There is no need to imagine how Reginald Marsh, described as the “unofficial Artist Laureate of New York” by Grace Mayer of the Museum of the City of New York (MCNY) over fifty years ago, felt when commissioned by the Treasury Relief Art Project (T.R.A.P.) to paint murals in the US Custom House in 1936.1 The panels had remained unfinished for nearly thirty years in an immensely impressive federal building occupying its own block at the base of Manhattan—a building with a sculptural and architectural program that already linked the United States Customs Service to maritime exploration of the past and four known continents of the world! For an artist who so firmly believed in representational art, who loved the New York harbor, and reveled in being an “American” painter, the opportunity to create these murals represented the chance quite literally to elevate his view of the city. Here was a chance, said Marsh, “to paint contemporary shipping with a rich and real power.”2
While much scholarship concentrates on Marsh’s rendering of crowds of people restlessly driven to enjoy themselves in the midst of the economic turbulence of the Depression, railroads and ships equally entranced the artist. In fact, Marsh first began to paint after seeing a Charles Burchfield painting of a locomotive.3 Large, bold, and modern, ships and trains were icons of strength and masculinity, the other side, perhaps, to the “carnivalesque” women and/or raucous spectacles he found on the streets and beaches of New York City. Marsh’s locomotive, commented one early reviewer, was more lyrically romantic than his crowded paintings.4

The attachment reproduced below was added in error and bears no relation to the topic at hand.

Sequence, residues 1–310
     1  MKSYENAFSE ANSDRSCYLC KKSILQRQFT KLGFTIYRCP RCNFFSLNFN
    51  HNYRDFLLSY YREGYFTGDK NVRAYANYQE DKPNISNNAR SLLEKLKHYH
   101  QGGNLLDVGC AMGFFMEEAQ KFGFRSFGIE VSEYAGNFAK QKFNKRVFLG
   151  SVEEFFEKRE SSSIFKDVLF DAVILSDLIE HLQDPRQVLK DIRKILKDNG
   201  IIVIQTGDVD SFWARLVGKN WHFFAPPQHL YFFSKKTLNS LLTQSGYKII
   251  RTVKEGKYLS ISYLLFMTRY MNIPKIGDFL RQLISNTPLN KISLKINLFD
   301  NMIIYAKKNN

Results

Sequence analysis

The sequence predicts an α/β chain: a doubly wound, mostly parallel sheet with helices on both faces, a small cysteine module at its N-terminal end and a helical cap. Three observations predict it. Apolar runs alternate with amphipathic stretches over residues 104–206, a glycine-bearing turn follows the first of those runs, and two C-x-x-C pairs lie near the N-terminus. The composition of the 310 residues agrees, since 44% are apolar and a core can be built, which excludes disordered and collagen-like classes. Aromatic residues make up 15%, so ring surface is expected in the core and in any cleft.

Just as Marsh sketched the urban populace at Coney Island Beach, on Fourteenth Street, on the Bowery, outside movies, and in the burlesque theaters, he made innumerable drawings in charcoal, pen and ink, and watercolor of the Manhattan waterfront whether viewing it from Hoboken, the Brooklyn Bridge, or the Battery. Nautical themes were a love of the artist since his boyhood summers spent in Sakonnet Point, Rhode Island. He shared an affinity for water with his father, who built homes on an island in Maine and in Ormond Beach, Florida. Not only did Marsh sketch, draw, and paint, but he also photographed these subjects, recording details later utilized in his paintings. (See related essay on Marsh’s photographs in the collection of the MCNY.) This method of working from sketches, drawings, watercolors, and photographs served him especially well in his approach to the Custom House murals at a time when the government and public advocated representational veracity in mural work.5
This essay revisits Marsh’s Custom House murals based upon a trove of material related to them in the collection of the Museum of the City of New York. The collection is testimony to Marsh’s astonishingly thorough work process. It also documents how the artist evolved the mural series, using his penchant for detail to validate a larger view of the city and nation consonant with the ideological nature of mural art during the Depression. In addition, it hints at underlying themes never entirely absent from his work—his obsessive attachment, for example, to women as central to his oeuvre.